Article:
Furthermore, a foundation of battery normalization, modeling and control techniques (Usuda and Kayano, 1997; Wiegman and Vandenput, 1998) has been developed and presented for high-energy, high-power EV, and for high-power and chargesustaining HEV applications. The system controls the discharge current and power output based on battery state of charge (SOC) and vehicle demand, manages cell balancing, and regulates the regeneration charge process, as well as thermal management. The sophisticated battery modeling technology maintains energy balance by both monitoring and regulating the SOC in predetermined limits (e.g., 0.4–0.8), in order to make the best use of the battery in terms of availability of different functions, battery life, charge and discharge efﬁciency, etc.
The current status of rechargeable batteries, including the NiCd system, the NiMH system, and the Li-Ion system, has been reviewed. The market demand is obviously a strong driving force for the research and development of advanced energy storage
technology. Scientiﬁc breakthroughs are always the pioneer to create new materials, new technology, and new rechargeable battery products. Since 1990, the interest in electrochemical technology and rechargeable batteries, in particular heightened by the recent emphasis on battery development for portable electronics, energy storage, and electric vehicles, has resulted in signiﬁcant improvements in the NiCd system, and created new technology such as NiMH and Li-Ion rechargeable batteries. These three systems are currently the major players for mobile electrical energy resources. The development of rechargeable batteries with higher energy density, higher power capability, better reliability, and lower cost to meet the market needs remains a persistent challenge. For many practical applications, in particular for telecommunications, electric vehicles, and hybrid electric vehicles, the technology of battery management, including thermal management and energy management, has attracted great efforts and obtained great successes, both in electronic controllers and in battery modeling. Electrochemical technology and rechargeable batteries are areas with very promising futures and technical challenges, and provide a wide range of opportunities for materials science, electrochemistry, and engineering.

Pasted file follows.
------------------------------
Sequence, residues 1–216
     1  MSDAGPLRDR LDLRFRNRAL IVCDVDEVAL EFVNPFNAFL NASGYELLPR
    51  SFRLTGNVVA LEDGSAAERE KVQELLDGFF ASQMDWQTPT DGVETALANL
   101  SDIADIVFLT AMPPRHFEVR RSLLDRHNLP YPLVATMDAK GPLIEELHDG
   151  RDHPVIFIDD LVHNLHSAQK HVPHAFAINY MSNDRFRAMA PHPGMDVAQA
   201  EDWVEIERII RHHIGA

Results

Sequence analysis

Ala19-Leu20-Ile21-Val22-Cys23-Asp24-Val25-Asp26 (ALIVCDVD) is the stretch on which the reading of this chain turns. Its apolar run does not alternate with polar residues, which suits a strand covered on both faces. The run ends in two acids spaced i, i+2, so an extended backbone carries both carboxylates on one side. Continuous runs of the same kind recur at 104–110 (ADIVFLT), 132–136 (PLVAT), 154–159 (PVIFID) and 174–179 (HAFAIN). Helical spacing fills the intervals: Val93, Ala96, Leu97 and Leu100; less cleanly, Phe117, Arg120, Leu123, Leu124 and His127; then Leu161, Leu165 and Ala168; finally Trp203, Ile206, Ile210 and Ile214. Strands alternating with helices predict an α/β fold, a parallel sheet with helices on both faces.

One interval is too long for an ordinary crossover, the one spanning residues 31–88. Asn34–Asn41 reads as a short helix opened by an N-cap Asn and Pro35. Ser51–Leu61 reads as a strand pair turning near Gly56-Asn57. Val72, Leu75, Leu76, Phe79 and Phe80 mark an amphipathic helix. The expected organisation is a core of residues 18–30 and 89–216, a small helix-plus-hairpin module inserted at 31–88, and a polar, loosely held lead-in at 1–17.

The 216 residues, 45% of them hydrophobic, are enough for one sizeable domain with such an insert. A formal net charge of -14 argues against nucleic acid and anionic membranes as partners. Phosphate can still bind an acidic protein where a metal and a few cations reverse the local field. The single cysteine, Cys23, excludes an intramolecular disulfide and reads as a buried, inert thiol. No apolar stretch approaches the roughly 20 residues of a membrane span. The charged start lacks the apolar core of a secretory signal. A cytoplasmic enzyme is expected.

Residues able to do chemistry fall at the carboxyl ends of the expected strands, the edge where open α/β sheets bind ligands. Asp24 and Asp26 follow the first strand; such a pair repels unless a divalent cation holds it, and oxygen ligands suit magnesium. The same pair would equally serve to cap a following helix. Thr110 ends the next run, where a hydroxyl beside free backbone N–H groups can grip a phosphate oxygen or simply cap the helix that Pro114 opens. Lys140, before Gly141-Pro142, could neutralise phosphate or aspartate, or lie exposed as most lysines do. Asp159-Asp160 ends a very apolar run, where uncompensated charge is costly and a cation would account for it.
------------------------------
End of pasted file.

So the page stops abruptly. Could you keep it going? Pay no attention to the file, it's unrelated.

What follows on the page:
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Further Reading Li, Z.P., Higuchi, E., Liu, B.H., Suda, S., 1999. Electrochemical properties and characteristics of a ﬂuorinated AB2-alloy. J. Alloys Compds 293−295, 593–600.